Effects of Divorce on School Aged Children

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The big glass framed entrance door of the elementary school was the pre-arranged spot where father and his 6-year old son were to meet and leave for their lunch date. The anticipation of this encounter was noticeable on the smiling face of the grade one student, beaming with anticipation. As the lunch break drew to a close, his little face was following each car coming around the corner of the road passing by the school. His nose was white from being pressed against the glass for this long period of time. Sometimes he would bring a friend who would join in the wait. He returned to class day after day, disappointed and absent minded, never letting go of his fantasy that his dad might show up…maybe tomorrow, or the next day.

Having worked in this elementary school for four years I have seen similar events such as:

  • children arriving late to school because of a trip to the store to buy cigarettes for a parent;
  • children being dropped off without proper clothing or lunch because it was the day of parental exchange and clothing was not part of the exchange;
  • children receiving awards without anyone attending their ceremonies because the parents could not agree who would attend;
  • children arriving at school too sick to sit in class and spending the day in the office infirmary, and so the list goes on.

There are, of course, often situations that could have simple explanations, without any ill intent.  Or they could be a result of family rupture or parental distress. The effect on the children is, however, the same; a massive struggle to master their conflicts and fears, undermined by feelings of helplessness, loneliness, rejection and loss.

Ages and Stages
Six to eight year olds may experience fear increasing to panic with disorganized behavior and worries about not having enough food, toys or other things perceived as necessary to their survival. Children need continued reassurance that they are okay.

While children at this age can tolerate more flexibility with plans, predictability and consistency are still important and the number of disappointments should be minimal; and the child should still be adequately prepared for changes in plans.

When parents separate there is confusion and disruption of the child’s individual sense of identity, as identity is still closely tied to the family structure. The youngest in this age group may assume personal responsibility for causing the separation. Fantasies of reconciliation are strongly present.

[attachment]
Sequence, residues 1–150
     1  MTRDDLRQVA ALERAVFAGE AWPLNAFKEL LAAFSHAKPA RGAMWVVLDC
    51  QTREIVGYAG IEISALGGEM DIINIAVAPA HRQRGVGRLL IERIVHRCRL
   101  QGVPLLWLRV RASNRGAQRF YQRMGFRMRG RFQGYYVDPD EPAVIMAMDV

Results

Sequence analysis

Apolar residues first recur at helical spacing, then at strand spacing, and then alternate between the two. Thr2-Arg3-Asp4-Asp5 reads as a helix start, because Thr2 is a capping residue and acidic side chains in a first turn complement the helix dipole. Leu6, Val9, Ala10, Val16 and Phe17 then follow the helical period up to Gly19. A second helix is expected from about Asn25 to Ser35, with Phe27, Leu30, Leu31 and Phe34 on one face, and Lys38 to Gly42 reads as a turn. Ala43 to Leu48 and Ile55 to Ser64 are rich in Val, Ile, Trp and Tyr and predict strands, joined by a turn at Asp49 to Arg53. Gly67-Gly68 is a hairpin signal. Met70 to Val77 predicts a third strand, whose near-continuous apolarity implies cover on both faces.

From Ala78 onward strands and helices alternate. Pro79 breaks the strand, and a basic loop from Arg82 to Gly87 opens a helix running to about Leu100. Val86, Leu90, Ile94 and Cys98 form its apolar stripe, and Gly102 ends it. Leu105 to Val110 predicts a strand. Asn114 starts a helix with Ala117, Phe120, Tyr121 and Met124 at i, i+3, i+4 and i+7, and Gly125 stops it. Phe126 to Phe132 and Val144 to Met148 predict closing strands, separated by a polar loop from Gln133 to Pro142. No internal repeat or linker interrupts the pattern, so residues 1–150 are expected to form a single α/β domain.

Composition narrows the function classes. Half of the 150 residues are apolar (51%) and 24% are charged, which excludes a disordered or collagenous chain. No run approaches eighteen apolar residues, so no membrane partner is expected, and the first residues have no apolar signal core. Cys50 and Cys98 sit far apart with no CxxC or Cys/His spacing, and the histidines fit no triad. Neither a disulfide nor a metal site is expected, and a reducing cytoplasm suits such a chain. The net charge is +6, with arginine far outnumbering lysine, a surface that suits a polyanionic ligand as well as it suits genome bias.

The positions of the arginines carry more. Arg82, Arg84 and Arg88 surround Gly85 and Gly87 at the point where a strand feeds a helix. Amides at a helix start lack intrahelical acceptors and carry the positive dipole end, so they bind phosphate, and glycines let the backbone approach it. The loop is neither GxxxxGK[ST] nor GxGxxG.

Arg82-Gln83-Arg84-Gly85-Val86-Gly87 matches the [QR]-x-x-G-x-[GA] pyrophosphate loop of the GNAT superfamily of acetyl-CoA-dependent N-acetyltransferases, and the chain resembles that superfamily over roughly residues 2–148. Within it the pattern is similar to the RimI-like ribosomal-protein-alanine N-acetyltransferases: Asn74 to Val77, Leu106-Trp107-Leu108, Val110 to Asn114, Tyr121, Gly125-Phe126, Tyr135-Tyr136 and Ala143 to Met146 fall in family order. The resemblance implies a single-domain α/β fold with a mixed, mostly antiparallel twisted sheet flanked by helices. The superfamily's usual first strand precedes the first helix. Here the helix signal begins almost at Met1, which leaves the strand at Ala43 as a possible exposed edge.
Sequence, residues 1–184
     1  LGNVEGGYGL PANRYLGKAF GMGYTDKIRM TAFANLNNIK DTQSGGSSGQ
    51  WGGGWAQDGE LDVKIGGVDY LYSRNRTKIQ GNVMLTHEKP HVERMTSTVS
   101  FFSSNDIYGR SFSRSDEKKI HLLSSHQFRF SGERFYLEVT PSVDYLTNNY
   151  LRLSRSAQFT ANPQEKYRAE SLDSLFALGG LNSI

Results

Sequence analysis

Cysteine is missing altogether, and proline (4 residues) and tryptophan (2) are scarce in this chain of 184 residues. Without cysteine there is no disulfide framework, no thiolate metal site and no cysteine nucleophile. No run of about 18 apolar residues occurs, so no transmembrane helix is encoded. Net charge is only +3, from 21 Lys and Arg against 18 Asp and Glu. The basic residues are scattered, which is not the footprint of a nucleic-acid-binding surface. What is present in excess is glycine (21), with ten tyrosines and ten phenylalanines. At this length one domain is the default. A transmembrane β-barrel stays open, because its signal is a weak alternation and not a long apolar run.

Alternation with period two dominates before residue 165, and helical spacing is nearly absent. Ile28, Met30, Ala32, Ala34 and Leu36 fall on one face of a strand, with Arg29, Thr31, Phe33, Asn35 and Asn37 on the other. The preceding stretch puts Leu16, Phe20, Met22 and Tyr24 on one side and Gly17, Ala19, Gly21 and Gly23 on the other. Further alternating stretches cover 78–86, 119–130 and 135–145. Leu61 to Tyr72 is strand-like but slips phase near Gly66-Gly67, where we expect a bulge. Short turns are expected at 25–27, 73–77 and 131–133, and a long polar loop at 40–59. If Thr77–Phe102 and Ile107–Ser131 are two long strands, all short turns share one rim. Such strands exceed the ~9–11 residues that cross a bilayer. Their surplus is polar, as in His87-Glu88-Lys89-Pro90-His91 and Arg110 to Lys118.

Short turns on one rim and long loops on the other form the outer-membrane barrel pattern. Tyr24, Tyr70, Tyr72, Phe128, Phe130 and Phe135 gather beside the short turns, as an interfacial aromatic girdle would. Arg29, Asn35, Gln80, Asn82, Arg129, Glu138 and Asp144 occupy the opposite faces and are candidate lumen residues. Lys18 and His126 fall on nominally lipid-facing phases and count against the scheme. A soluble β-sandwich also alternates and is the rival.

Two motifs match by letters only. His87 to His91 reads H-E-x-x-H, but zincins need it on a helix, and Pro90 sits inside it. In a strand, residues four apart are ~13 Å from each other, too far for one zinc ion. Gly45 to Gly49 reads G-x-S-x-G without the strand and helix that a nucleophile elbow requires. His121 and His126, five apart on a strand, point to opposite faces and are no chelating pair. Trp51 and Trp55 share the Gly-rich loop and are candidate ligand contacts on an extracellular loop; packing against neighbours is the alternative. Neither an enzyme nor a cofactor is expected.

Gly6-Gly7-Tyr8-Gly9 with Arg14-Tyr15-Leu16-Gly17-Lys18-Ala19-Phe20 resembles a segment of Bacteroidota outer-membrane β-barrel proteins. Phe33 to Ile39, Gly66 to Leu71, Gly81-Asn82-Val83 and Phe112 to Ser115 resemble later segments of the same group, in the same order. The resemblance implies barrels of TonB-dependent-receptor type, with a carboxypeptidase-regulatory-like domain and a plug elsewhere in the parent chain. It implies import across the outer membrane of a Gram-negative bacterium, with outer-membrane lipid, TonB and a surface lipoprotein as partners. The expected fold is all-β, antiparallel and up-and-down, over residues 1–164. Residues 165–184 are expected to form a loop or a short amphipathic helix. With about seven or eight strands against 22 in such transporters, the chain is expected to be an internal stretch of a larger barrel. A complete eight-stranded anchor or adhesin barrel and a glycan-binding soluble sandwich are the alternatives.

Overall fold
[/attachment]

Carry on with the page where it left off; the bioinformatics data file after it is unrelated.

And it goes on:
Cooperative Parenting
Cooperative parenting means keeping each other informed about pending events in the child’s life.  If this doesn’t work smoothly, parents can request that the school keep both parents apprised of school activities and schedules and informed about any difficulty a child may be experiencing.

It should not always be up to one parent to inform the other, and it certainly should not be the child’s responsibility. Once the school informed the father in this story of his son’s unwavering determination to wait for him at the front door, he realized the importance of a casual remark made to his son and settled on a once-a-week lunch date. When the father arrived, the introduction by his son was reminiscent of a head of state arriving at school! At last he was living his fantasy!

Parenting Plan
A good parenting plan will enable both parents to attend activities such as school events and extra-curricular activities. The presence of the parents will greatly enhance the child’s experience. A good choice is to have the two parents’ homes within the same school district so the children’s community of friends can overlap.  It is important for both parents equally to accommodate the child’s need to be with school friends (activities or play dates) on weekends and school holidays. It is a good idea to have their friends invited to both homes. Children are learning important social skills about the give and take of relationships, how to be fair and who is a good friend and who is not.

For more information, view Fairway Divorce Solutions: A Guide for Divorcing Parents

Author: Erika Deines @ Fairway Divorce Solutions®

Pope Francis embracing divorced families… finally

Pope Francis, the head of the Catholic Church became the first Pope to say people who are divorced and their children are not living in sin and the church should keep it’s door open to them.

Equal treatment and acceptance of remarried Catholics? That is definitely trend setting!

I applaud the Pope’s open declaration of the need to update the Catholic church’s position on the subject of divorce. Hopefully with this public declaration, action will be taken to fully execute such position, so that Catholics no longer have to get an annulment or be disallowed to remarry in Catholic churches. Divorce is tough enough, we don’t need any hurdles, we need support on the journey to recovery.